In the song, “N.E.R.D.,” Fiasco rhymes about, “Artists getting robbed for their publishing by dirty Jewish execs who think that it’s alms from the covenant.”
In response to a tweet from DJ Booth - a resource for DJs and hip hop fans on Twitter -- questioning his lyrics about “dirty Jewish execs,” Fiasco reportedly responded “Oh Please” with an expletive, clearly indicating that Fiasco is either unaware or unconcerned with the impact of his offensive statement.
“The lyrics about artists being robbed by ‘dirty Jewish execs’ are offensive,” said Jonathan A. Greenblatt, ADL CEO. “These lyrics reinforce the anti-Semitic myth of Jewish control of the music industry, a stereotype that has been exploited in recent years by well-known hatemongers. It is irresponsible for a recording artist to perpetuate the hateful anti-Semitic stereotype of the ‘greedy Jew.’
“Even if Lupe Fiasco has concerns about exploitation of his artistic output, it’s deplorable to stigmatize an entire group in response. Fiasco has a well-earned reputation as a highly respected hip-hop artist,” Greenblatt said.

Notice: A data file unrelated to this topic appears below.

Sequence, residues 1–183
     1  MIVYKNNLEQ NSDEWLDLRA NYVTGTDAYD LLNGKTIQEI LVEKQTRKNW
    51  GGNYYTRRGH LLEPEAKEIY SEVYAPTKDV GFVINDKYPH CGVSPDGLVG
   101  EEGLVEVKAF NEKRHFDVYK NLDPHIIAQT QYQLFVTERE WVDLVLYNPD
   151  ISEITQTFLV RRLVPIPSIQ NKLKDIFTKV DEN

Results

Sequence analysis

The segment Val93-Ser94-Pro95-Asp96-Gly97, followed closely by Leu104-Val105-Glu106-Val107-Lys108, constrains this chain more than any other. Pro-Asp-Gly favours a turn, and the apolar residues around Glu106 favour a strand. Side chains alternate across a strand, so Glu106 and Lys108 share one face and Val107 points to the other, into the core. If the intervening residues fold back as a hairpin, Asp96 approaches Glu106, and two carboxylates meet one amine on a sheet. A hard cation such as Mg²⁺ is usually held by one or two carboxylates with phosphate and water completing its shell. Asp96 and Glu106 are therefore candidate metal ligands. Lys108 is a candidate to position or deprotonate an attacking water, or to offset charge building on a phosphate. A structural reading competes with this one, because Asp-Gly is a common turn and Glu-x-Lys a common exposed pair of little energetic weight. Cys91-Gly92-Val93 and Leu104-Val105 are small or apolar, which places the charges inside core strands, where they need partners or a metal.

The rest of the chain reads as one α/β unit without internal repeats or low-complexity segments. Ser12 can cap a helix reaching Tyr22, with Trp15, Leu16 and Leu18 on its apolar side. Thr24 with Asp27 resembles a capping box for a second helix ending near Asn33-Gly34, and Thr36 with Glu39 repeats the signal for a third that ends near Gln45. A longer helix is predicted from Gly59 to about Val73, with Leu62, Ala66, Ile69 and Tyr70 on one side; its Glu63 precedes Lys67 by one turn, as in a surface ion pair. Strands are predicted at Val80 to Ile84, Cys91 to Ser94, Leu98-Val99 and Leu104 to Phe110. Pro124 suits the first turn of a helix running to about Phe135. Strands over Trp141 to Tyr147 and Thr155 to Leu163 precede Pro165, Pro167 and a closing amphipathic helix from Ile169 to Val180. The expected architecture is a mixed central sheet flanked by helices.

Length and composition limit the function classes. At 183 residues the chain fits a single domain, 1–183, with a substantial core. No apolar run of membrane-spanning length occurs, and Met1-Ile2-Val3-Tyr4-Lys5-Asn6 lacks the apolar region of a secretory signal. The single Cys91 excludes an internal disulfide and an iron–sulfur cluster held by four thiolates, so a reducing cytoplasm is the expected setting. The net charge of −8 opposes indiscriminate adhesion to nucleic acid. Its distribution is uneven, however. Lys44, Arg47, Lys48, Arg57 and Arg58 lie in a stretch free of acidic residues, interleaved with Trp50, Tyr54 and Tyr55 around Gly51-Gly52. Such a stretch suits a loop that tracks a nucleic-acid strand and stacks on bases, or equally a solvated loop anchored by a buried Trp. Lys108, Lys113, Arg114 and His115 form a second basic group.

“At a time when there are significant divisions across the country, we are disappointed that he has not chosen to use his platform and voice to promote a more inclusive message,” he continued
Past ADL surveys of anti-Semitic attitudes in America have shown that the notion of Jewish control of Hollywood and the music industry is a pervasive stereotype. In a 2013 poll ADL found that 18 percent of Americans believe that Jews have too much influence over the American news media, and 24 percent agree that the movie and television industries are “pretty much run by Jews.”
Lupe Fiasco is a Chicago based rapper who garnered outstanding success with his first two albums “Food and Liquor” released in 2006 and “The Cool” released in 2007.
This article was reprinted with permission from the Anti-Defamation League